May 20, 2023
Lululemon X Samsara Eco's environmentally friendly path.
On May 19, the Sydney-based Australian start-up company Samsara Eco announced an important partnership with Canadian sportswear giant Lululemon to create the world's first infinitely recyclable clothing extracted from clothing waste made of nylon and polyester materials.
This cooperation is also the first time that Lululemon has made a minority equity investment in a recycling company, and the specific amount has not been disclosed. Previously, Samsara has completed a total of US$56 million in Series A financing from investors such as Breakthrough Victoria and Temasek, and its current business partners include Australia's supermarket giant Woolworths Group.
The biotechnology developed by Samsara Eco in collaboration with the Australian National University (ANU) can infinitely rebuild new materials by using enzymes to break down plastics into their original structures.
Paul Riley, founder and CEO of Samsara Eco, said that nylon and polyester are two of the most commonly used materials in the textile fashion industry. Their complex chemical structure makes them versatile, but they are difficult to break down and recycle. Currently, nylon and polyester account for 60% of the raw materials used in clothing production, but when discarded, 87% of the materials can only be landfilled or incinerated.
The partnership between Samsara Eco and Lululemon will continue for several years. This round of funds will be used to strengthen Samsara's engineering team, develop bio-enzyme libraries, and fund its factory in Melbourne. The facility will be fully used for production, which is expected to start in 2024. It can process 20,000 tons of plastic every year.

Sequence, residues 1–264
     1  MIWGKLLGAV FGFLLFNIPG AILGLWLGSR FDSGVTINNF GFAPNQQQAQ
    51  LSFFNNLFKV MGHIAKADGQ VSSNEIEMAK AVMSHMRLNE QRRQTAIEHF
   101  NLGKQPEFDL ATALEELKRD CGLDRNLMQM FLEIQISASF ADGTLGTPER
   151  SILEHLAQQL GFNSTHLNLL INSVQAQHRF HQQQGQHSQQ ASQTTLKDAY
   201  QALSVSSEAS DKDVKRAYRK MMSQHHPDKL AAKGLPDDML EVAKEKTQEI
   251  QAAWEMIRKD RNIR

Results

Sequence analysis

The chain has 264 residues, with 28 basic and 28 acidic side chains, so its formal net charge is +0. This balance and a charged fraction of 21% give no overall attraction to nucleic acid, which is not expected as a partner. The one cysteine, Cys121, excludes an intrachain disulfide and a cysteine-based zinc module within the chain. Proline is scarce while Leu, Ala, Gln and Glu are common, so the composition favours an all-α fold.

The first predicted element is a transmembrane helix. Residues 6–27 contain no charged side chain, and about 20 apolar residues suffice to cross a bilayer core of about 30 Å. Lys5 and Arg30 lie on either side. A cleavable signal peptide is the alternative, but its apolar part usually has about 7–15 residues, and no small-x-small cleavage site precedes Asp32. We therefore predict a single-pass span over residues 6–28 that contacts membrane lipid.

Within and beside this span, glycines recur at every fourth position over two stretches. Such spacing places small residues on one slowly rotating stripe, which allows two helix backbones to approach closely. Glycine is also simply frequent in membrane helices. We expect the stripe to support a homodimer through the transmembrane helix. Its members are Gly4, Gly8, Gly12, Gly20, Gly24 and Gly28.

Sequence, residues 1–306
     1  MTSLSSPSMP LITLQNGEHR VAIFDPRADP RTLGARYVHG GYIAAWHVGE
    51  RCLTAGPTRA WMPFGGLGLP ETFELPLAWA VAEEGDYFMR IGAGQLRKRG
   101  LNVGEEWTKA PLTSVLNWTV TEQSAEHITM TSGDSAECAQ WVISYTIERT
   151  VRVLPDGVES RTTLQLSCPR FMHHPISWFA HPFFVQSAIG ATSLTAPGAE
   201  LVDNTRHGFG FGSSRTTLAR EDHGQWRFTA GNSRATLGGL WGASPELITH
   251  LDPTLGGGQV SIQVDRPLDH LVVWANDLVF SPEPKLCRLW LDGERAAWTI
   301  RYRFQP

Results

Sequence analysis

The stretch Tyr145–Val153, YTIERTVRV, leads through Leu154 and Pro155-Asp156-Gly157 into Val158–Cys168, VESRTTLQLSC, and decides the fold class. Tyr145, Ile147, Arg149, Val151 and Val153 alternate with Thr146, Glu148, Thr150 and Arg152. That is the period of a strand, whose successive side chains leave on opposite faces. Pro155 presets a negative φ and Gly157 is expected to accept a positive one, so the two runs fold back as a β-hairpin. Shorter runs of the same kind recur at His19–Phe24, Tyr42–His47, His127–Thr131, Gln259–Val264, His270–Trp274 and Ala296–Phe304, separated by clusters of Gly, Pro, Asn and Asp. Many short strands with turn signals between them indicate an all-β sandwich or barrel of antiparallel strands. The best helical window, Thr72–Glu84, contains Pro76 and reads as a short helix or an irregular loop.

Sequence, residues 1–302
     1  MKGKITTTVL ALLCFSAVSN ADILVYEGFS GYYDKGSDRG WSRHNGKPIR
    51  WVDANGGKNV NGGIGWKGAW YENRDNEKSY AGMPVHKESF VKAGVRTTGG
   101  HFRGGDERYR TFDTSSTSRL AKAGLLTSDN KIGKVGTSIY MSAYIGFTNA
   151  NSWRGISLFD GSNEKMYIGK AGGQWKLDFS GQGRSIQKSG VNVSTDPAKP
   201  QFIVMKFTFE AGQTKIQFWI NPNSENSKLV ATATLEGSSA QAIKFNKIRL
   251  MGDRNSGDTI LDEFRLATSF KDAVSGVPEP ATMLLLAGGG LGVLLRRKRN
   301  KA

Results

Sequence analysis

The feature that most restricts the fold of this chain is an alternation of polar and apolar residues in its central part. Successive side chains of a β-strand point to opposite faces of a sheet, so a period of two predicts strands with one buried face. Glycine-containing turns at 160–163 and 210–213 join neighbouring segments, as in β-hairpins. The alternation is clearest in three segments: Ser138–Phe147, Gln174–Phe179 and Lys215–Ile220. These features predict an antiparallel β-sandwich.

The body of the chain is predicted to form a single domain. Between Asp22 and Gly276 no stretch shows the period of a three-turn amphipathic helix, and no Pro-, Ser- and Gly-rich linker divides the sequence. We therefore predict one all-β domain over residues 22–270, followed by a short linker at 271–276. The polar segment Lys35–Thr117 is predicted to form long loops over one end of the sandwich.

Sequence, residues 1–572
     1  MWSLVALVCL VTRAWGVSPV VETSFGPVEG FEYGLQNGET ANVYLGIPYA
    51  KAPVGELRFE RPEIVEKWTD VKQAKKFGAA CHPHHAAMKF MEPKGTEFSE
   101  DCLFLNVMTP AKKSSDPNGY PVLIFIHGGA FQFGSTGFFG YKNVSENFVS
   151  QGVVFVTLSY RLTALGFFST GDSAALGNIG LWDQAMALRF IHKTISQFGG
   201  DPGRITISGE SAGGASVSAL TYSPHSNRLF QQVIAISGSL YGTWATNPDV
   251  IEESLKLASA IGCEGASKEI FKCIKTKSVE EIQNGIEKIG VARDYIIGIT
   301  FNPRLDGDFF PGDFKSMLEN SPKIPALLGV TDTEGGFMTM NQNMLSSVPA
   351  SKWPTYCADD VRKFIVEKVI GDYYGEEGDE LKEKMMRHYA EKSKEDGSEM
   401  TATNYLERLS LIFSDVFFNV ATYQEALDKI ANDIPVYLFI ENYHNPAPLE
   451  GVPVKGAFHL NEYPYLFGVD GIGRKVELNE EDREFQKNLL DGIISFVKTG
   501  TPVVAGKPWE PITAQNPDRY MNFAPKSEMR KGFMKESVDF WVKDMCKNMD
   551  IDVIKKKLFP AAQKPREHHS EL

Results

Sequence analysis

Yogendra Dandapure, vice president of raw materials innovation at Lululemon, said: "Nylon remains our biggest opportunity to achieve our 2030 sustainable product goals." The "Be Planet" goal established by Lululemon is to achieve 100% adoption of sustainable products and end-of-use solutions by 2030 to achieve a circular ecosystem.
Other sustainable initiatives include: in April, Lululemon partnered with Geno to launch products made from renewable plant-based nylon and Like New, a used clothing sales program.
Dandapure said that Lululemon is focusing on developing and testing a successful nylon and polyester fabric this year, with an eye on future scale development and product plans. "We're aiming to tease the first prototype later this year and will start rolling out small series in the next one to two years."